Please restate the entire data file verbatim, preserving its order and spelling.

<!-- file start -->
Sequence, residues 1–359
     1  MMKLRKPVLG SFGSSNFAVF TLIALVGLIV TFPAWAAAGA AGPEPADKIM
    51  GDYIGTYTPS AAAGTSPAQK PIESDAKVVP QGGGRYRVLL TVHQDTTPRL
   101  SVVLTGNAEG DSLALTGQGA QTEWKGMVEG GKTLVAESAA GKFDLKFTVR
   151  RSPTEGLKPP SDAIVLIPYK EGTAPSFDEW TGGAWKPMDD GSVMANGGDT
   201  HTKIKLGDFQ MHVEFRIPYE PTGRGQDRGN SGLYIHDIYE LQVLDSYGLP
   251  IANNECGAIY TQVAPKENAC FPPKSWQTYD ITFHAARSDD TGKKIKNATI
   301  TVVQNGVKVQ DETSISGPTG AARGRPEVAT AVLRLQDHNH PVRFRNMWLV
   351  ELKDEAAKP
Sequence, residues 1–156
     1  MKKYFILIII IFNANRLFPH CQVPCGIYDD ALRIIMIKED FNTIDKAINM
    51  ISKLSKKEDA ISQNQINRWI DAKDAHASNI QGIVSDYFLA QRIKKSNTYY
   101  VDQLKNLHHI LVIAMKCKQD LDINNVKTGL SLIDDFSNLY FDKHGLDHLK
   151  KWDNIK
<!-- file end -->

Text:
Sequence, residues 1–359
     1  MMKLRKPVLG SFGSSNFAVF TLIALVGLIV TFPAWAAAGA AGPEPADKIM
    51  GDYIGTYTPS AAAGTSPAQK PIESDAKVVP QGGGRYRVLL TVHQDTTPRL
   101  SVVLTGNAEG DSLALTGQGA QTEWKGMVEG GKTLVAESAA GKFDLKFTVR
   151  RSPTEGLKPP SDAIVLIPYK EGTAPSFDEW TGGAWKPMDD GSVMANGGDT
   201  HTKIKLGDFQ MHVEFRIPYE PTGRGQDRGN SGLYIHDIYE LQVLDSYGLP
   251  IANNECGAIY TQVAPKENAC FPPKSWQTYD ITFHAARSDD TGKKIKNATI
   301  TVVQNGVKVQ DETSISGPTG AARGRPEVAT AVLRLQDHNH PVRFRNMWLV
   351  ELKDEAAKP
Sequence, residues 1–156
     1  MKKYFILIII IFNANRLFPH CQVPCGIYDD ALRIIMIKED FNTIDKAINM
    51  ISKLSKKEDA ISQNQINRWI DAKDAHASNI QGIVSDYFLA QRIKKSNTYY
   101  VDQLKNLHHI LVIAMKCKQD LDINNVKTGL SLIDDFSNLY FDKHGLDHLK
   151  KWDNIK